Autonomous Nature investigates the history of nature as an active, often unruly force in tension with nature as a rational, logical order from ancient times to the Scientific Revolution of the seventeenth century. Along with subsequent advances in mechanics, hydrodynamics, thermodynamics, and electromagnetism, nature came to be perceived as an orderly, rational, physical world that could be engineered, controlled, and managed. Autonomous Nature focuses on the history of unpredictability, why it was a problem for the ancient world through the Scientific Revolution, and why it is a problem for today. The work is set in the context of vignettes about unpredictable events such as the eruption of Mt. Vesuvius, the Bubonic Plague, the Lisbon Earthquake, and efforts to understand and predict the weather and natural disasters. This book is ideal text for courses on the environment, environmental history, history of science, or the philosophy of science.Über den Autor:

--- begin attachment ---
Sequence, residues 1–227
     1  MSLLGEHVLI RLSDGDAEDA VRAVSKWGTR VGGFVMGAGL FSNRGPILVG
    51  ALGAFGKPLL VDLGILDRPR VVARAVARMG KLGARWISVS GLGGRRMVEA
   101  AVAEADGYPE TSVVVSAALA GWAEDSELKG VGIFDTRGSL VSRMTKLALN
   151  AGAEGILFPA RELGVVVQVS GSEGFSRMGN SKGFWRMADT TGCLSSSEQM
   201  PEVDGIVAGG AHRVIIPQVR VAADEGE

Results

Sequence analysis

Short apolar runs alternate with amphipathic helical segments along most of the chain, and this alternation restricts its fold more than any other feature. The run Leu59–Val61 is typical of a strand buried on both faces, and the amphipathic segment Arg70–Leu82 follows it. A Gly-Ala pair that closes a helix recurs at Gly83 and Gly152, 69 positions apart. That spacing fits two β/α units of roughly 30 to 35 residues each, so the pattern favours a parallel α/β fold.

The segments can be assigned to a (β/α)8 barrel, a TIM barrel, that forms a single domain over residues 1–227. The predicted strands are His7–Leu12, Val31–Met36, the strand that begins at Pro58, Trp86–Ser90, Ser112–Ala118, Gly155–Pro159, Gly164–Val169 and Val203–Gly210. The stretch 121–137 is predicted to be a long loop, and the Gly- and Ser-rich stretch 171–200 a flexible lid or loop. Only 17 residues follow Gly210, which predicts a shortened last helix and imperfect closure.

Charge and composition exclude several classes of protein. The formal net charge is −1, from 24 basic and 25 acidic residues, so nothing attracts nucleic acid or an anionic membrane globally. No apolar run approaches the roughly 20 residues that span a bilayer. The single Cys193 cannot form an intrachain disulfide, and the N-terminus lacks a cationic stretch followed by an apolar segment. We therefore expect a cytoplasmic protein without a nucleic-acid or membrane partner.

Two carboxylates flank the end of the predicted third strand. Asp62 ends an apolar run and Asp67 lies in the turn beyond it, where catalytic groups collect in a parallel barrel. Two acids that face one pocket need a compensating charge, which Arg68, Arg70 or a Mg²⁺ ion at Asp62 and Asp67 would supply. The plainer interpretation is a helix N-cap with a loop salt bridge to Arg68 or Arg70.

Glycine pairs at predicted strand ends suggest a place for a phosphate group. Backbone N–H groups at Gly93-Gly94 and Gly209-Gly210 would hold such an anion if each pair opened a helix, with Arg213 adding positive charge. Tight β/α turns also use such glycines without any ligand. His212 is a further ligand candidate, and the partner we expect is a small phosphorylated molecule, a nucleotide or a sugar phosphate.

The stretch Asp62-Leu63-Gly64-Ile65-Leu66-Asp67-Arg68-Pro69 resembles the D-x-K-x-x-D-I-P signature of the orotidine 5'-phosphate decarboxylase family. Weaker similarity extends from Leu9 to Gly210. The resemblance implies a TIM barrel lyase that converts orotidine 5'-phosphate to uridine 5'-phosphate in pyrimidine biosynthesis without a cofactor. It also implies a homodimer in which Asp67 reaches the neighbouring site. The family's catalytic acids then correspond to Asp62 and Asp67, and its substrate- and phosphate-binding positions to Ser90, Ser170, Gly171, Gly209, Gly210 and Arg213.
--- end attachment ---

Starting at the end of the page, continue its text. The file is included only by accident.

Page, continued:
Carolyn Merchant is Professor of Environmental History, Philosophy, and Ethics at the University of California, Berkeley. She is the author of ten books including The Death of Nature: Women, Ecology, and the Scientific Revolution; Ecological Revolutions: Nature, Gender, and Science in New England; and Reinventing Eden: The Fate of Nature in Western Culture. She has published over 100 single authored research articles. She has been a Guggenheim fellow, a fellow at the Center for Advanced Study in the Behavioral Sciences, Stanford, a fellow at the National Humanities Center, Research Triangle Park, North Carolina, and a member of the Institute for Advanced Study, Princeton. She has presented over 350 lectures in the United States, Canada, Europe, Brazil, and Australia.
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